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Voice Off

Features like call routing, screening and voice-to-text functionality--and the lack of a price tag--give Google Voice strong appeal to more than 1 million users. Others can't get over the quirks. Sometimes you get what you pay for.
September 20, 2010
URL: http://www.entrepreneur.com/article/217308

Can't Live With It
William Wnekowicz, founder of Altum Design Studios, a web design firm in Cedar Grove, N.J.

Altum Design Studios would seem to be an ideal Google Voice user. The upstart web design firm specializing in business-to-business marketing has only two-and-a-half staffers, including founder William Wnekowicz. The firm's high-end and often demanding clients need to be able to reach Wnekowicz and his employees.

Although Wnekowicz loves the idea of Google Voice--he dreams of the simplicity of call routing and screening depending on his team's schedule--there's one big problem with the service: It won't allow him to port his existing cell phone number to the service.

"That's the phone number I used when I was growing the business--that's pretty much what everybody calls," he says. "The problem is that Google Voice doesn't allow porting. I could use the service, but I would have to get a new Google Voice number and then I'd have to tell all of my clients and change all of my materials to reflect that number."

He's hoping that Google changes this policy, but in the meantime, he's sticking with his good, old-fashioned calling service.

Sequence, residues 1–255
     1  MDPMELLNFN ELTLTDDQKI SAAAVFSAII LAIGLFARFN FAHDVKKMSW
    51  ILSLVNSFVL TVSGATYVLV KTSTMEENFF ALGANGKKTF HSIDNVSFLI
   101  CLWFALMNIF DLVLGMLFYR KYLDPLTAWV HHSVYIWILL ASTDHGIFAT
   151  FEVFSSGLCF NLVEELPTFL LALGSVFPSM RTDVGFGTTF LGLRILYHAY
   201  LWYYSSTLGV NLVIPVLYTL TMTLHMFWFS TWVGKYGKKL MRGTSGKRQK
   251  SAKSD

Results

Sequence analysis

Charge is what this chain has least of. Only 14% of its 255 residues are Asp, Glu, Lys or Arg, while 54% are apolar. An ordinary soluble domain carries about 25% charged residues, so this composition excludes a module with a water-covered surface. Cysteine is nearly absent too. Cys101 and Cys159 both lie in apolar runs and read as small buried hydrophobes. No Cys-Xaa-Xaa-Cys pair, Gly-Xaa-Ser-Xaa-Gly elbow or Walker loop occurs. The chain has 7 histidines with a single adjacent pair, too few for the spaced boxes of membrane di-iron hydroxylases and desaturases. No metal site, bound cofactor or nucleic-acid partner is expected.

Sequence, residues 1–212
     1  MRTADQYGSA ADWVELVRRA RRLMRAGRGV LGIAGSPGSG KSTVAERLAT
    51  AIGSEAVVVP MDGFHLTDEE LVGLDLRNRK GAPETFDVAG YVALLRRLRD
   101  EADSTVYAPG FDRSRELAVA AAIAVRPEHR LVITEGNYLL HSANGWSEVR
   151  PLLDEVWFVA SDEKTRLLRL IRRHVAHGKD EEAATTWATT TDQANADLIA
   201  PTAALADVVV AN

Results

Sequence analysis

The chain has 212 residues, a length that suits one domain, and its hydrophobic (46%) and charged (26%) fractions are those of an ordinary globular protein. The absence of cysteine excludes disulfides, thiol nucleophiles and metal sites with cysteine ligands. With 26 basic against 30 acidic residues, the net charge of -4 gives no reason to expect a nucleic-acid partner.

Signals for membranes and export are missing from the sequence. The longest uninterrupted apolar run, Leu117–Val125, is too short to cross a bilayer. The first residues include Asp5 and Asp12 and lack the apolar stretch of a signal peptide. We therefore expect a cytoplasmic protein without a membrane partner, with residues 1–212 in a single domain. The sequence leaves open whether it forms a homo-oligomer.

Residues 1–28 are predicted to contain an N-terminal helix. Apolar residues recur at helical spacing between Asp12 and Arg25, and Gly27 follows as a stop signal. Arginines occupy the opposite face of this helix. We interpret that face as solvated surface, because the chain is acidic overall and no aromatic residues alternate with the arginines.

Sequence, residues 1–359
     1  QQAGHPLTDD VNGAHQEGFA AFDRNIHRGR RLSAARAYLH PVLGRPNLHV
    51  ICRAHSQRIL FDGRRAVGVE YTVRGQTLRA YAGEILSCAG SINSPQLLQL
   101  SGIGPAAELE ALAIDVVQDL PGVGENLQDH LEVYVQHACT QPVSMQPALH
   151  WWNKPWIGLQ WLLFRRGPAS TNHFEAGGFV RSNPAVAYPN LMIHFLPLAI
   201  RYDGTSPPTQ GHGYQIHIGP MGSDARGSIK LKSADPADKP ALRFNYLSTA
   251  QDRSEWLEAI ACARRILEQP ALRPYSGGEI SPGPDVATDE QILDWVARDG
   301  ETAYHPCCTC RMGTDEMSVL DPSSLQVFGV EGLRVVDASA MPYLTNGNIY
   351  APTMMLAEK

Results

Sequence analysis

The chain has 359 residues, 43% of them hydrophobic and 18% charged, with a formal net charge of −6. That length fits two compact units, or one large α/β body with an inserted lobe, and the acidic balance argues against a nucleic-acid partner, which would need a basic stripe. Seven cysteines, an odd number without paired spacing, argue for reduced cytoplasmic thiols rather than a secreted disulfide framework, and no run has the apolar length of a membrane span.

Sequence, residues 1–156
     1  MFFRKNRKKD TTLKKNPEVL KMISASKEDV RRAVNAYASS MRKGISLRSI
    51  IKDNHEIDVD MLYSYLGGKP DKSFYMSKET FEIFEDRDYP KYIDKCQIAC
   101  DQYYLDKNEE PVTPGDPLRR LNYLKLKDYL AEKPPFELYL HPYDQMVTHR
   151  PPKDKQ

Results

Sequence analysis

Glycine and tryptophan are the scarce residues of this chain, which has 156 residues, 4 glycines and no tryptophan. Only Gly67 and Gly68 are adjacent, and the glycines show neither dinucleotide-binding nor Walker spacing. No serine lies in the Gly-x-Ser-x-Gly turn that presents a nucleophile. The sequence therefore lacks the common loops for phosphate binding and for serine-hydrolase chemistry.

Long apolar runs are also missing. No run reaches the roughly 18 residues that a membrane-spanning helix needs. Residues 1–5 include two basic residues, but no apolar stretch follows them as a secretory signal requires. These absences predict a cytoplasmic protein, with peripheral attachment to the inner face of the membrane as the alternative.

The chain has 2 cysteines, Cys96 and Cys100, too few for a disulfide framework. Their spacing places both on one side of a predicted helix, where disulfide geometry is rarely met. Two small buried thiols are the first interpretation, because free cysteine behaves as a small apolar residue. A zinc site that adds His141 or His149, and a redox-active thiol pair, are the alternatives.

Can't Live Without It
Allen Gannett, president and CEO of Future Civic Leaders, a nonprofit youth development organization in Washington, D.C.

Future Civic Leaders operates with two basic goals. The first is to run a summer camp for about 40 students across the country. The students convene in Washington, D.C., for four days to conduct simulated campaigns and meet with legislators, White House press corps and other stars of the political world--all on the organization's dime. The second goal is to create a network of school chapters dedicated to continuing student civic education year-round. In just over a year of existence, the organization has recruited about 400 students.

Future Civic Leaders president Allen Gannett says Google Voice has made it possible for him and his eight staffers to stay more connected with students around the country. "We can't necessarily afford to have an office with a top-flight landline system," he says. "But giving someone a cell phone number seems unprofessional. We rely on Google Voice because having local numbers that we can use around the country really helps get stuff done."

The organization has recruiters working with students all across the country, and Google Voice facilitates call forwarding to the right recruiter without using a complicated switchboard or message service. The platform's screening, blocking and routing features give the organization the flexibility it needs during busier times, such as the summer camp ramp-up, Gannet says. "It's definitely made things a lot easier in how we communicate," he says.